CINCINNATI — Newly revised designs for the future of the Brent Spence Bridge and its planned companion bridge were released Friday by Governors Mike DeWine and Andy Beshear.
With the addition of the companion bridge, designs show an intent to revamp the Brent Spence Bridge itself to expand shoulder widths. Currently, the Brent Spence Bridge features four 11-foot lanes on both levels, with only one foot on one each side reserved for the shoulder.
New plans show the Brent Spence Bridge would be reduced to three lanes on both decks with wider emergency shoulders. The plans also indicate the Brent Spence Bridge would be only local traffic, with all thru highway traffic diverted to the new companion bridge.
The companion bridge's footprint is greatly reduced from plans created in 2012, which would have given it four separate corridors, all with different destinations intended. Under that model, the companion bridge would have had 14-foot shoulders on either side. The 2012 model also would have had both highway and local traffic traveling both bridges, something the new model eliminates.
The 2022 model still successfully reduces congestion and improves safety for both bridges, but with the added result of having fewer property impacts overall, according to a press release from Beshear and DeWine.
“We felt good about where we were a decade ago because that solution provided additional capacity that reduces congestion and improves travel throughout the corridor,” said Jack Marchbanks, director of the Ohio Department of Transportation. “We feel even better about this revision because it dramatically reduces the footprint of the new bridge and completely separates interstate and local traffic.”
In February, Governors Mike DeWine and Andy Beshear signed a memorandum of understanding seeking to secure federal funding from the infrastructure bill that would go toward fixing major traffic issues at the Brent Spence Bridge. They jointly submitted an application requesting nearly $2 billion in funding in May, but those funds have not yet been approved.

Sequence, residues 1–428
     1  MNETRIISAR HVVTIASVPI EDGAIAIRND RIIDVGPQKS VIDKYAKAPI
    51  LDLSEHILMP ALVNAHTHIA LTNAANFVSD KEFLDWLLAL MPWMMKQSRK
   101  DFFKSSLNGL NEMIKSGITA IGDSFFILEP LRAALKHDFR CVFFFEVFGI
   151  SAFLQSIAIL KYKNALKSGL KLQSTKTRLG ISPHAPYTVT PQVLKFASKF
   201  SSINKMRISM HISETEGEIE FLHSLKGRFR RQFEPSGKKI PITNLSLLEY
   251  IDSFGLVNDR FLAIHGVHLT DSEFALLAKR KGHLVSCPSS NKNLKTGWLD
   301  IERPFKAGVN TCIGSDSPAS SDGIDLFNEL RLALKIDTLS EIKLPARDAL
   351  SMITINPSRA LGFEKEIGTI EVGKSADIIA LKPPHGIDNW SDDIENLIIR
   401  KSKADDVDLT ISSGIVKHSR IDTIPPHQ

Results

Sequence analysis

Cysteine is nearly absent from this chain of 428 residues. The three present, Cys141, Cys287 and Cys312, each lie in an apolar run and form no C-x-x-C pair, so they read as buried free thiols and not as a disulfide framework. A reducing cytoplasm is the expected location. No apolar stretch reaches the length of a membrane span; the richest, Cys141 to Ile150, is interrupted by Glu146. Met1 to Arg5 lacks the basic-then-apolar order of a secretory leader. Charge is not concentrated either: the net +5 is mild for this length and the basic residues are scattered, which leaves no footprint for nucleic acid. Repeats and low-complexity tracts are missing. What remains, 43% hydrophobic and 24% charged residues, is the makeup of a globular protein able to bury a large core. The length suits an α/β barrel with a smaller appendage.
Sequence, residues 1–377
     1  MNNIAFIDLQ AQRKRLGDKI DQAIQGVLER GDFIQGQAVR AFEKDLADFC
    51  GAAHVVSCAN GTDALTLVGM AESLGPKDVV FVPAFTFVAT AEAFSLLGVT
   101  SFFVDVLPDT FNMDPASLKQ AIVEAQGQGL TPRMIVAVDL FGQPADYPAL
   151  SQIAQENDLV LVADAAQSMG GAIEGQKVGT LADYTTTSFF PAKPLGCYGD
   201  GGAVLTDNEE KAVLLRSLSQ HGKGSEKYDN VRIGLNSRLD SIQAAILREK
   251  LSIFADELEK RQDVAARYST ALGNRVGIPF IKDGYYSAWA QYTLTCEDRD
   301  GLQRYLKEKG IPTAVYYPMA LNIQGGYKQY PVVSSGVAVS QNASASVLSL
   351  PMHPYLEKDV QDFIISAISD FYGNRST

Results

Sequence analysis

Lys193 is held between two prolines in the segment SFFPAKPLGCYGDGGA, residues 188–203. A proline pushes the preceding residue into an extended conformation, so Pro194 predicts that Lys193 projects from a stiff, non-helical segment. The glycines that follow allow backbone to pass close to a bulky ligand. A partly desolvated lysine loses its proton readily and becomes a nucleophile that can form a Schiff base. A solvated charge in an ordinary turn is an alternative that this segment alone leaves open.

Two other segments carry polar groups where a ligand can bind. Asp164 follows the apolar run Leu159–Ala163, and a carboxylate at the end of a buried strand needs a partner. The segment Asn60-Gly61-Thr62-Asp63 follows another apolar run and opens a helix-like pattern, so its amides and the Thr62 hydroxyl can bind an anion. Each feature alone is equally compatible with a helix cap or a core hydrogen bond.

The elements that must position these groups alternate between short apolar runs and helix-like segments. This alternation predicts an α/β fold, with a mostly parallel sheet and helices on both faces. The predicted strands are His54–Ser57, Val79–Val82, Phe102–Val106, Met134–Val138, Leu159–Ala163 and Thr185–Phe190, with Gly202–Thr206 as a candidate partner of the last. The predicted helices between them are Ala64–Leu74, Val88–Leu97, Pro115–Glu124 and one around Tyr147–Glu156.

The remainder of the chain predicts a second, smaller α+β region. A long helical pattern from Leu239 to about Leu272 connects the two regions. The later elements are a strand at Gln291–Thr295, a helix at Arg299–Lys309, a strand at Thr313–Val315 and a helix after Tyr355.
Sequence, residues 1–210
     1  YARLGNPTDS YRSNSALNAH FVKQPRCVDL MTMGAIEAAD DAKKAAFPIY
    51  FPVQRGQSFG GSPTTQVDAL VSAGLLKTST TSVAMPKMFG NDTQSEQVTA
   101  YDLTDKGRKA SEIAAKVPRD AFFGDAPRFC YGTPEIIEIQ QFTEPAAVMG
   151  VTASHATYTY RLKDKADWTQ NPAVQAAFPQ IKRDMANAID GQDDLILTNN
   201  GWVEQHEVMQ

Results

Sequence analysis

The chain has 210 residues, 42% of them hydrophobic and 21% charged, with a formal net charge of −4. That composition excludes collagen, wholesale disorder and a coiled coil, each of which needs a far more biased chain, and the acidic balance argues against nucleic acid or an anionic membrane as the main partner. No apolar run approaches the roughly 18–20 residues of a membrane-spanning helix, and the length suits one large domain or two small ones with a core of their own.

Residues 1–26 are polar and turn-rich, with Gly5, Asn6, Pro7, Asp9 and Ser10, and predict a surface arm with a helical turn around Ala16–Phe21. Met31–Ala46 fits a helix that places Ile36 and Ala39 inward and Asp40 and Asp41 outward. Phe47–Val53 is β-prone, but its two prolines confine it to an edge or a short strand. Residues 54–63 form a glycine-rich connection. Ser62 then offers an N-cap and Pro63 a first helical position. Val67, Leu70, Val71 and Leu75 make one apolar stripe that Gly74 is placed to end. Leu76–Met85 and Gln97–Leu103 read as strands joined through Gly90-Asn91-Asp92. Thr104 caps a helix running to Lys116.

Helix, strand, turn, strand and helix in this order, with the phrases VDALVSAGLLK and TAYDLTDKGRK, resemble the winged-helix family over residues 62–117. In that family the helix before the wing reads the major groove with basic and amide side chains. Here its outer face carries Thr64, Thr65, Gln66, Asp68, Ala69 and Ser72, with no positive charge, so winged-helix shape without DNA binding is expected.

The governors announced in February the new companion bridge will be toll-free, which had been a point of debate for how a new bridge could be funded and operated.
In February, Marchbanks said if funding could be approved by the end of 2022 he believed a design procurement package could be ready by the fall of 2023. Marchbanks said then that a conservative estimation for completion of the project would be five years.
The possible reality of funding to solve the Brent Spence Bridge's traffic debacles has been just out of reach for drivers in the Tri-State for years and time has become a crucial component. Opened 59 years ago, the bridge has long been considered functionally obsolete, carrying about 180,000 vehicles a day, which is more traffic than it was built to handle.
The bridge has officially needed a replacement since at least 1998, when the Federal Highway Administration determined it was no longer accommodating traffic needs.
DeWine himself declared that solving the Brent Spence problem would be a high priority after he was inaugurated as governor in 2019 while standing with then-Kentucky Governor Matt Bevin.
Talks of replacing the bridge stalled with the arrival of the COVID-19 pandemic in 2020, however.
Later in 2020, those talks reignited once more after the bridge itself, well, ignited.
A fiery crash involving two semi tractor trailers set the bridge ablaze in a chemical fire that burned for hours and closed the Brent Spence Bridge for months.
Then came 2021, the bridge's ranking as the nation's second-worst traffic bottleneck, and the promise of an infrastructure bill. In January, President Joe Biden announced the creation of the Bridge Formula Program, which allocates $39 billion to states to fix bridges nationwide.
From that, Ohio is expected to receive $483.3 million over five years, with over $100 million of that set to be available this year. Kentucky would also receive $438 million total, with roughly $87.7 million available this year. That fund is different from grant funding available through the infrastructure bill, which means more dollars could be available to Ohio and Kentucky through grant applications.